2. Lets face a few facts here… we have been woeful all season… relegation fodder since xmas and the blame for this lies firmly at the boardroom door for allowing this demise to carry on unchecked!
    GS should of been sacked after the Cardiff debacle last season, that’s where the rot set in. His lack of managerial nouse both in front of the media and team selection has left me and the sports writers baffled to say the least.
    I’m a loyal Boro supporter and im hurting bad, I will be at the Riverside next season come what may. I’m praying for a miracle next sunday.. my heart says we can still do it.. my head says not in a million years will we stay up. I’m following my heart
    Oh just one other thing, thank you Mr Gibson for saving my precious Boro from oblivion and giving me and my son some wonderful memories.. thats in the past though. This is hard for me to say but in my opinion you have gone from hero to zero this season.

  3. Thanks to some great goal-keeping by Schwarzer and Jussi we’ve managed to place a sticking plaster over the fat lady’s lips – but sadly she’s still able to hum ‘going down with the geordies’.
    But even an eternal optimist would find it hard to believe we’re not already down – it’s true Newcastle are more likely to lose at Villa and any Man Utd team would be expected to beat Hull – but can Boro with a bare-bones team, on a run of 11 consecutive defeats, win by a couple of goals away to West Ham?
    It would certainly be the greatest of great escapes – unfortunately we’ve got the visionary Gareth Pleasance planning the escape with only a leaden-footed Steve McKing to stroll towards the enemy with his pockets stuffed full of soil.
    With Boro’s luck seemingly determined to ensure all salable assets are well and truly damaged before the season ends – we’ll be down to the fringe academy players for next season and little cash in the kitty. Though, overall I think we should resist the temptation to go with a young team next season as experienced Championship players would be essential to getting out (at the right end).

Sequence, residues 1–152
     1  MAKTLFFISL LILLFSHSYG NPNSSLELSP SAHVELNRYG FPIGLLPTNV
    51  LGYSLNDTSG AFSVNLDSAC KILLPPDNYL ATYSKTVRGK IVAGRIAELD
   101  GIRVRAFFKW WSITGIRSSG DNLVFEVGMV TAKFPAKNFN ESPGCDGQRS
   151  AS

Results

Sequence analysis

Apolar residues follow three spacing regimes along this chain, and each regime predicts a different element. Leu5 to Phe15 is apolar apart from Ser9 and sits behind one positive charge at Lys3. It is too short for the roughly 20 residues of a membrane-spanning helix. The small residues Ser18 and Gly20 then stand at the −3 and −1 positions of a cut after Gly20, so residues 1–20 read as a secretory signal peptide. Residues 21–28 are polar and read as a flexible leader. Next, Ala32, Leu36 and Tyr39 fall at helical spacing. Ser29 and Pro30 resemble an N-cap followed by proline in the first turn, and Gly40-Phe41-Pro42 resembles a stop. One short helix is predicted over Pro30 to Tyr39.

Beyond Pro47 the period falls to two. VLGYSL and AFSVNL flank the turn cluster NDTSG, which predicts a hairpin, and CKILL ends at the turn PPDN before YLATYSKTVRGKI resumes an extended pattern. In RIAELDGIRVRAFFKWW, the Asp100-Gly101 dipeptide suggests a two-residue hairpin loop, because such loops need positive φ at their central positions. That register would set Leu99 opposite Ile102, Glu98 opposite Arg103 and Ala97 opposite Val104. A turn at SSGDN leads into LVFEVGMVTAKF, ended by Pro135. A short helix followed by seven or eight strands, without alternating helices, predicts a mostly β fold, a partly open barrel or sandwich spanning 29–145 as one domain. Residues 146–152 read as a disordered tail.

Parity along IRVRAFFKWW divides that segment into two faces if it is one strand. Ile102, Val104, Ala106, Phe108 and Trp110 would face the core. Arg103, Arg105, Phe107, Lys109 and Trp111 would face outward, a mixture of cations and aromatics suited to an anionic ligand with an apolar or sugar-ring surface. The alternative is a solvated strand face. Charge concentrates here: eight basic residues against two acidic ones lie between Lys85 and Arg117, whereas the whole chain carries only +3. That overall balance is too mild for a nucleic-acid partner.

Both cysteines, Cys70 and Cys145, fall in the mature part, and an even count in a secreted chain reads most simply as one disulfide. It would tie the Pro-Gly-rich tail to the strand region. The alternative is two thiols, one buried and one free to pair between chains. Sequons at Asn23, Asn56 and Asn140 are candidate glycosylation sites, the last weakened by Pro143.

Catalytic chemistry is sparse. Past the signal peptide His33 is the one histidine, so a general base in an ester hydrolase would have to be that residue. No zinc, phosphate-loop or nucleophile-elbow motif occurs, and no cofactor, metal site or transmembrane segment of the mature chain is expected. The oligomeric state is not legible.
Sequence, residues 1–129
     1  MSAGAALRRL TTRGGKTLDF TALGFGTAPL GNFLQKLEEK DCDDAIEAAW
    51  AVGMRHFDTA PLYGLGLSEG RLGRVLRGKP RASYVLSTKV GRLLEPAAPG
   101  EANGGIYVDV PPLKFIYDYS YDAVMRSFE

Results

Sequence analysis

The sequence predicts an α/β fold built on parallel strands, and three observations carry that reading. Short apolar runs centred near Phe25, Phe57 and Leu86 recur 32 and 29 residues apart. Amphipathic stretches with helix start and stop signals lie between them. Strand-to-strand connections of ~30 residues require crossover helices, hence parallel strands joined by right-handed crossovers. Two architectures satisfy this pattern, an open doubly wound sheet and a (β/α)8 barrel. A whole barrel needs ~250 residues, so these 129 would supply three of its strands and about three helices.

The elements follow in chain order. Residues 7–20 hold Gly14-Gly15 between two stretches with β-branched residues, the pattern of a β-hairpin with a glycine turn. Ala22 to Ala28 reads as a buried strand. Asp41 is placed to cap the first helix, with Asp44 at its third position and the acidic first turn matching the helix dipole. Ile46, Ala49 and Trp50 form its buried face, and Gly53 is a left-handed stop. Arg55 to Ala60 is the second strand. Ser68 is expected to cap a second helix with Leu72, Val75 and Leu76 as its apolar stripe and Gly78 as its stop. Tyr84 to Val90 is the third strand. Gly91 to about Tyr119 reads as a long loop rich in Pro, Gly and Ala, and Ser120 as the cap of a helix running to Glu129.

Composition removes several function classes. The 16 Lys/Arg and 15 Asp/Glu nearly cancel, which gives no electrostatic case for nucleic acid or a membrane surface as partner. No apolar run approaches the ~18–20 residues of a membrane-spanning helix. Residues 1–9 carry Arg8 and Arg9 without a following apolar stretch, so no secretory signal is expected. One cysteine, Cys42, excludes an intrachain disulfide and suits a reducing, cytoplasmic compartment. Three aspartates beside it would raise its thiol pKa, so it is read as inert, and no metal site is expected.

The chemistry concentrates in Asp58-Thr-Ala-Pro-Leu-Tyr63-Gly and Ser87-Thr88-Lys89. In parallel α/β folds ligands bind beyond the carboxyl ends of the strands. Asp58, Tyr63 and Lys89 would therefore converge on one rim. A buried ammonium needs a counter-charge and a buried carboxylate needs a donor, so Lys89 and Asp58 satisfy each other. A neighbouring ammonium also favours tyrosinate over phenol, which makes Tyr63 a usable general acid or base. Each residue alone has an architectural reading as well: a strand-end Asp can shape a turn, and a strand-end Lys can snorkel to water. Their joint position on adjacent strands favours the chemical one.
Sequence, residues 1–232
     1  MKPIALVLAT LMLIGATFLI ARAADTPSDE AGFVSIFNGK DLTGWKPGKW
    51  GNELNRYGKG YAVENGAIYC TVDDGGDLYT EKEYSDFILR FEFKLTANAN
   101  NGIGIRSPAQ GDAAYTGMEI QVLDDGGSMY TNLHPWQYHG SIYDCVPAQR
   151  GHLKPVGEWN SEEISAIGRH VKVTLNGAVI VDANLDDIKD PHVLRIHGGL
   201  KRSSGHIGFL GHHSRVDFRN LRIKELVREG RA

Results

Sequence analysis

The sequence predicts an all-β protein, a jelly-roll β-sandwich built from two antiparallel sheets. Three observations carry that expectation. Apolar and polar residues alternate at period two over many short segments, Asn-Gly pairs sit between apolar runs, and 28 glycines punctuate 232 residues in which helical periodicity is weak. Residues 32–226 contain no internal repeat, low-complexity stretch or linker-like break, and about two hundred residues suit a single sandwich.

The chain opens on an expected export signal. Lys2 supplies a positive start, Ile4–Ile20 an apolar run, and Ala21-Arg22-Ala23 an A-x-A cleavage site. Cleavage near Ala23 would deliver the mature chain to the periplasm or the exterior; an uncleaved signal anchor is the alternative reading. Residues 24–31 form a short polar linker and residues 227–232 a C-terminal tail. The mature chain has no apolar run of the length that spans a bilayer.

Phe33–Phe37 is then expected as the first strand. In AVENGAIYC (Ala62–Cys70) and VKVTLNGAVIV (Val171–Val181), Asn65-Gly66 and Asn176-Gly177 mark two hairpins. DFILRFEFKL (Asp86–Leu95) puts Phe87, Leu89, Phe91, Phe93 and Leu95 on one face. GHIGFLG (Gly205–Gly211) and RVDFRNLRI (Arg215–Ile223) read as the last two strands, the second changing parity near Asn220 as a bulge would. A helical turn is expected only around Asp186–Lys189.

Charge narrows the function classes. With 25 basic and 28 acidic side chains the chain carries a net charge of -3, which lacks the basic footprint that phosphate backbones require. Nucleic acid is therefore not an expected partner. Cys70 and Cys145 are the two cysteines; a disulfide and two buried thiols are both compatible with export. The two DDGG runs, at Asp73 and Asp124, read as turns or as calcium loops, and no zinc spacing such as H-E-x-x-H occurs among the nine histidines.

Still we could always ‘reward’ Mido with a guaranteed start next season! OK, try to keep the faith everyone…

  4. Just thought I would send one more message to try to lift the mood.
    Yes, it is a long shot but lets dream. We need to score a few goals on Saturday and hope Man U’s kids do too. Let’s say they win by 2 or 3 goals we need 2 or 3.
    We needed 4 goals against the odds in the UEFA Cup quarter final and got them.
    We needed 4 goals against the odds in the UEFA Cup semi final and got them.
    Last seasons last game we won by 7 clear goals against a much better team than West Ham. Who would have predicted that?
    So against all the odds, we may pull of the great escape.
    Well! A bloke can dream can’t he?

  5. I’m afraid the Championship may not be the fun that some here are expecting.
    Using relegation to “balance the books” is nonsense, as I’m sure the club’s hierarchy know only too well. Gareth Southgate’s implication (it is never stated directly) that the club could be in a better financial position after relegation is simply not true. Nevertheless, it seems to have gained some credence, including in today’s Times.